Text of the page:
Keeping it in the Fahm(il)y. Egyptian follows father’s footsteps to CAF top job

November 20 – It was only a matter of time. Following in the footsteps of his father and grandfather, Egypt’s Amr Fahmy has been appointed general secretary of the Confederation of African Football in the latest move by the regime of Ahmad Ahmad to bring in his own people.

The 34-year-old Egyptian replaces Hicham El Amrani of Morocco, who resigned just weeks after long-standing president Issa Hayatou was ousted by Ahmad last March.

Fahmy’s grandfather Mourad served as CAF general secretary of African football’s governing body from 1961-82, after which he was replaced by his son Mustapha, who held the post until 2010 before moving to Zurich as the director of competitions at FIFA.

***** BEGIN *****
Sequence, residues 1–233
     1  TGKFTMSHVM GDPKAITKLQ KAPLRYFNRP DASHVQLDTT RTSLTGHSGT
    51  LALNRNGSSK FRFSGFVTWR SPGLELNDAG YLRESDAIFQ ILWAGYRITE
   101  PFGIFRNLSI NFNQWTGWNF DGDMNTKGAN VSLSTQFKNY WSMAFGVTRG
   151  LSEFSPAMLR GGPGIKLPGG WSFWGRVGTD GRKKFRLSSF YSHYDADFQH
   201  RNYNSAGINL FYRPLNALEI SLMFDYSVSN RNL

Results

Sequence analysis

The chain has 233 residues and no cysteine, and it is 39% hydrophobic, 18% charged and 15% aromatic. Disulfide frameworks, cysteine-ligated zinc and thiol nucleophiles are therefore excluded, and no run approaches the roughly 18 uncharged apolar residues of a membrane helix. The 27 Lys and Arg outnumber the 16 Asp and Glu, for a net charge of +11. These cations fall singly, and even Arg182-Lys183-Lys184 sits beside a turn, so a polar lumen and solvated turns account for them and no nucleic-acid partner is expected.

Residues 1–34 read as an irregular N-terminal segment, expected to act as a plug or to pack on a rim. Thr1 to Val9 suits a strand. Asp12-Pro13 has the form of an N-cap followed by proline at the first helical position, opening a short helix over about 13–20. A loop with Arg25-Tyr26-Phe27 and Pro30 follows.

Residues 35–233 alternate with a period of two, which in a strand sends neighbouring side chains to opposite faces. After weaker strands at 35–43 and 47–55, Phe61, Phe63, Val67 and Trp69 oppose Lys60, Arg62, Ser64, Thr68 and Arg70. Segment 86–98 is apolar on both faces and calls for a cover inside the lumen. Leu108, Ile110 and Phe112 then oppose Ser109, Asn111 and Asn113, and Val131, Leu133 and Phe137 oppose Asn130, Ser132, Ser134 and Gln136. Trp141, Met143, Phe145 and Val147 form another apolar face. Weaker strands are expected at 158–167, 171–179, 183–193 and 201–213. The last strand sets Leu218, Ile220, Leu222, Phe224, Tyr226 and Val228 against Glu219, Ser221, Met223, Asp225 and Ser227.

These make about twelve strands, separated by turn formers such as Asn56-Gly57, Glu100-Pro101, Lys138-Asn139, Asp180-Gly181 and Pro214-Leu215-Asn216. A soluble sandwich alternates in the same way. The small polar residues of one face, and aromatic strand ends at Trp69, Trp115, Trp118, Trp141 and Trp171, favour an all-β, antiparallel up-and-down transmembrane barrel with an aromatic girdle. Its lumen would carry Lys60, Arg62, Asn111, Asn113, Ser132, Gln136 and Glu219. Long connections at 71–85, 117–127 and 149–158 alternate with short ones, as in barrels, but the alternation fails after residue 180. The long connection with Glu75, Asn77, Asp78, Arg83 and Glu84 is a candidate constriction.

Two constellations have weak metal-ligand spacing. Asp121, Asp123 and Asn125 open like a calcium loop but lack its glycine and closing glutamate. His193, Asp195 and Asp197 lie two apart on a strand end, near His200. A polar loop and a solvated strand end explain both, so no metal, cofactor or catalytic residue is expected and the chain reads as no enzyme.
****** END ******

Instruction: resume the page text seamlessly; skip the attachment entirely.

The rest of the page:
Currently serving with France-based Lagardère Sports as Director of Operations for Africa, Fahmy previously worked with the CAF Competitions Division between 2007 and 2015 and has strong links with Al Ahly, Cairo’s fanatically supported club side.

He will be assisted by former Ghana international Tony Baffoe, who has been appointed joint deputy general secretary in charge of development and competitions, while Essadik Alaoui of Morocco has also been appointed deputy general secretary, in charge of administration and finance.

When el Amrani resigned in the wake of Hayatou’s defeat, he gave no explanation but the reasons were pretty obvious. El Amrani was a Hayatou loyalist, constantly defending his boss who ruled African football for 29 years. He became CAF secretary-general, initially on an interim basis, in 2010 when Mustapha Fahmy moved FIFA.

As well as Hayatou being deposed after three decades, six of his key colleagues lost their positions on CAF’s executive committee.

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